Prior to the murder of George Floyd and subsequent global social justice movement, the NCAA mandated that all affiliated schools must enlist an administrator to serve as a Diversity, Equity and Inclusion (DEI) Coordinator in January of 2020. At Bowdoin, that role was offered to Assistant Athletic Director for Operations and Diversity, Equity and Inclusion Coordinator Katie Greene.
Since taking the position a little over two and a half years ago, Greene’s job responsibilities have expanded rapidly.
To bolster the athletic department’s inclusivity efforts, Greene assumed chairman of the department’s DEI Committee, composed of students, administrators, coaches and representatives from both the Bowdoin Student-Athlete Advisory (BSAAC) and the Athletes of Color Coalition (AOCC).
This year, the committee plans to meet bi-monthly and focus on expanding its efforts beyond social justice advocacy. In the past, the committee has held events based on a DEI-themed calendar, held workshops with the Institute of Sport and Social Justice for coaches and worked with individual teams to develop action plans.
“Moving forward, we have started to broaden that lens of DEI,” Greene said. “This year, we are really starting to look at more training centered around the political spectrum, LGBTQ+ athletes, trans rights within athletics, socioeconomic privileges and what that looks like.”
Having stepped in as interim assistant coach for the women’s basketball team last season, Greene was able to gain a grassroots insight to the day-to-day DEI and LGBTQ+ related issues that Bowdoin student athletes face, such as having to navigate the use of racial slurs, a lack of support from teammates and an unwillingness to talk about race and gender identity.
“It gave me perspective in building a stronger bond with student athletes and understanding the pressures and challenges that all student athletes go through—especially our student athletes of color, our student athletes who identify as LGBTQ+ and student athletes that could possibly be transitioning,” Greene said. “It gave me a really good sense of how difficult those experiences can be.”
This academic year, each varsity team is mandated to meet and facilitate DEI-based discussions once a month. Furthermore, social justice advocate Jen Fry, who has partnered with the College for the past couple of years, will lead bi-monthly foundational, discussion-based sessions with the incoming first-year athletes. The goal of these sessions is to establish a common language amongst first-years when it comes to discussing DEI work.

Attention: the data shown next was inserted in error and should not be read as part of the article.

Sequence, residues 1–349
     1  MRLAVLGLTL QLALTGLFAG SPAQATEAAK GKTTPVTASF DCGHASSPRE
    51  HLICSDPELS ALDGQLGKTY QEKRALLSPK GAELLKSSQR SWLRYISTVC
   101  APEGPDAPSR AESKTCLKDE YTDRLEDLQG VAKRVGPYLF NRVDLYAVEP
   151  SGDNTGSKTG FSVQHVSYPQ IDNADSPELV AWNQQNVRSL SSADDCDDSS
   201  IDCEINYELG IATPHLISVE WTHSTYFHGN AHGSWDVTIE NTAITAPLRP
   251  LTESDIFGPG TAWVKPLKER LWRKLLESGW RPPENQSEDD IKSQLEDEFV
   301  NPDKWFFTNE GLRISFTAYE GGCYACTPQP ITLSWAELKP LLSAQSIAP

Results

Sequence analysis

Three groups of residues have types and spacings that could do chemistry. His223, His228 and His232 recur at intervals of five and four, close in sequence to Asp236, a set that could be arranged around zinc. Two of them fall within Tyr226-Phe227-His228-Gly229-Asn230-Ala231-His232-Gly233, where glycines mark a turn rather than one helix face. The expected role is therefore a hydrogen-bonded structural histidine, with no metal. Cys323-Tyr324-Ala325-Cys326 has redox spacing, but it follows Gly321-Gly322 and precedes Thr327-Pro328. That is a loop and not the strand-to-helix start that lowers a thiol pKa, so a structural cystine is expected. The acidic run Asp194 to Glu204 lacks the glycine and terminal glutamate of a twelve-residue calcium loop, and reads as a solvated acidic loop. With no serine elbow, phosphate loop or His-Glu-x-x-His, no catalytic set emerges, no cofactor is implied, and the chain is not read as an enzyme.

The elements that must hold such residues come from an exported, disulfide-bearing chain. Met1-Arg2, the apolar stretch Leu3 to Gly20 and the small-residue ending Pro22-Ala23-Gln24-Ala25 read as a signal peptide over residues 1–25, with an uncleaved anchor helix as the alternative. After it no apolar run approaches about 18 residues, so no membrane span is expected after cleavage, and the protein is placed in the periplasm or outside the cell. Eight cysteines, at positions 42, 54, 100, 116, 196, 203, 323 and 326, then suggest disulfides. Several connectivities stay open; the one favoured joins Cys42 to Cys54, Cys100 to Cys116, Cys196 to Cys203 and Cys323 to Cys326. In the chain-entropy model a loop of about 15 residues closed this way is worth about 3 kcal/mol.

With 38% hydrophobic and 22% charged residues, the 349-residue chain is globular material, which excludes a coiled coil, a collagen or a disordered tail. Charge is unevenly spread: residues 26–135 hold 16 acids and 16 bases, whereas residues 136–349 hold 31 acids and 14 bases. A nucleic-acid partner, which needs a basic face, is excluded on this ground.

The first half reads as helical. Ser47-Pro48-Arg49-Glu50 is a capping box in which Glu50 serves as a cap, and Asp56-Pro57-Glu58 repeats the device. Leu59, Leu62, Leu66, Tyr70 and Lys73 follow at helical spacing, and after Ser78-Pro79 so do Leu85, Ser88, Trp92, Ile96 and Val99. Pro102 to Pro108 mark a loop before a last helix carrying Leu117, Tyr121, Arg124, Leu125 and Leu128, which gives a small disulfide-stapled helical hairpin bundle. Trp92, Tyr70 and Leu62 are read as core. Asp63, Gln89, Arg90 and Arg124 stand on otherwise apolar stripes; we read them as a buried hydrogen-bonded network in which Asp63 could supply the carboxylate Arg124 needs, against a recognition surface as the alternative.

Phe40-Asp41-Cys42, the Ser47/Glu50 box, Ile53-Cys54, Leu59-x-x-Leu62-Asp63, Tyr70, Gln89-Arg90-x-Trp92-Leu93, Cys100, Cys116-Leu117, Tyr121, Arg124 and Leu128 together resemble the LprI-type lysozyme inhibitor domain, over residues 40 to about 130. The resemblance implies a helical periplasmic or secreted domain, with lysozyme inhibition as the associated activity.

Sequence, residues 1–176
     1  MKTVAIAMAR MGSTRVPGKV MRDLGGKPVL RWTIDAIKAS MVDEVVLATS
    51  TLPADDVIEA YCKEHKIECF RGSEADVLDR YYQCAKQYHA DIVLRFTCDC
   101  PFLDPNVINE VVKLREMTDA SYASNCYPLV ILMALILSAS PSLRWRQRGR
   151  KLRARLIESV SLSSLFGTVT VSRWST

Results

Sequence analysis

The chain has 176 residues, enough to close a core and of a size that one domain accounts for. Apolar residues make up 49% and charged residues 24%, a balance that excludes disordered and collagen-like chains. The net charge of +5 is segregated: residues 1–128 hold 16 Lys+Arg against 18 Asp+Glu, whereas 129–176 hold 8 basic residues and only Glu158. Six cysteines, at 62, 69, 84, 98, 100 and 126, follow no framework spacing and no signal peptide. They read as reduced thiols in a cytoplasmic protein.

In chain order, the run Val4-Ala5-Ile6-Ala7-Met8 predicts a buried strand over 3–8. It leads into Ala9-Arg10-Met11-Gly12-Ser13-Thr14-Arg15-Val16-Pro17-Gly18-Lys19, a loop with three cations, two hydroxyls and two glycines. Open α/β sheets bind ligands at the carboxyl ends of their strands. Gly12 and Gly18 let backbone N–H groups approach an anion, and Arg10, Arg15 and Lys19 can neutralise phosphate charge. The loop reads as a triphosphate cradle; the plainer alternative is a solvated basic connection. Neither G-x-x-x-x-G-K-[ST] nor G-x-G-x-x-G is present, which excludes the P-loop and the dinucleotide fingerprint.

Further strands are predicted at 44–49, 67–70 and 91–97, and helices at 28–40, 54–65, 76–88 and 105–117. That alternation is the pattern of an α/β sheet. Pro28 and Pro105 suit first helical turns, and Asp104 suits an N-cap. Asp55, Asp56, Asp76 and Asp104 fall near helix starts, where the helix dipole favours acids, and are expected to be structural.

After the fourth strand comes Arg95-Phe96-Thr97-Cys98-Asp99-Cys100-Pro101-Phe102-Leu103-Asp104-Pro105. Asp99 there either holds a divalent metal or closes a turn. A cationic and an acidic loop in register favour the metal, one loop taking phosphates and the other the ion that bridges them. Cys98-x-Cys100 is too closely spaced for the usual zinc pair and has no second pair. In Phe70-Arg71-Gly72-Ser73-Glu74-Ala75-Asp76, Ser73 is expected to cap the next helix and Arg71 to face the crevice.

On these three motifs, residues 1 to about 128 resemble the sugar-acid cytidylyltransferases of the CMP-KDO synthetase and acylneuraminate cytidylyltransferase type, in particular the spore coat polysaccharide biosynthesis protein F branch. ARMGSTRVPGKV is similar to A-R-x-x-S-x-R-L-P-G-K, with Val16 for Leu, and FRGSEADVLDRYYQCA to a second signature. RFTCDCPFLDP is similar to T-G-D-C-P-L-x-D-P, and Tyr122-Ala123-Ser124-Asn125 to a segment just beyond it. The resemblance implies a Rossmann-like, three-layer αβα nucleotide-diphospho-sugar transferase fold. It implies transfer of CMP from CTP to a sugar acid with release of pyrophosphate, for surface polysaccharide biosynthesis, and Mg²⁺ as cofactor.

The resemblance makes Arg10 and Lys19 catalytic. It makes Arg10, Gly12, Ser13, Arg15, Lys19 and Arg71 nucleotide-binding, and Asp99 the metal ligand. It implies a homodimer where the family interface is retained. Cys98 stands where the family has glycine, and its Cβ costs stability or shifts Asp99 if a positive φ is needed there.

A well-known struggle within the athletic department is a lack of racial diversity amongst coaches. As of February 2022, 13 percent of staff and coaches in the department were people of color. Ashmead White Director of Athletics Tim Ryan spoke last winter about how the athletic department was looking to change its hiring practices in order to attract a more diverse pool of coaching candidates.
However, Greene explained that these DEI-based changes came solely in the form of interview questions for the recent round of coaching hires.
“One of the things we changed in our interview process is we now have a DEI committee representative on every interview,” Greene said. “We ask DEI-related questions now. While it doesn’t change the diversity of the people we are interviewing, it increases the understanding of if they are coming in with what we are looking for.”
Greene believes that first establishing a culture of inclusion is a step necessary to increase diversity amongst the coaching staff.
“You can’t put a roof on a house without walls,” Greene said. “We want to make sure we are not adding diversity without understanding the importance of inclusion.”
“That position evolved quickly with where the state of the country was—where the state of the world was,” Greene said. “George Floyd was murdered. Athletic departments started to evaluate their DEI efforts and realized they were falling a bit short in the efforts that they were putting forth.”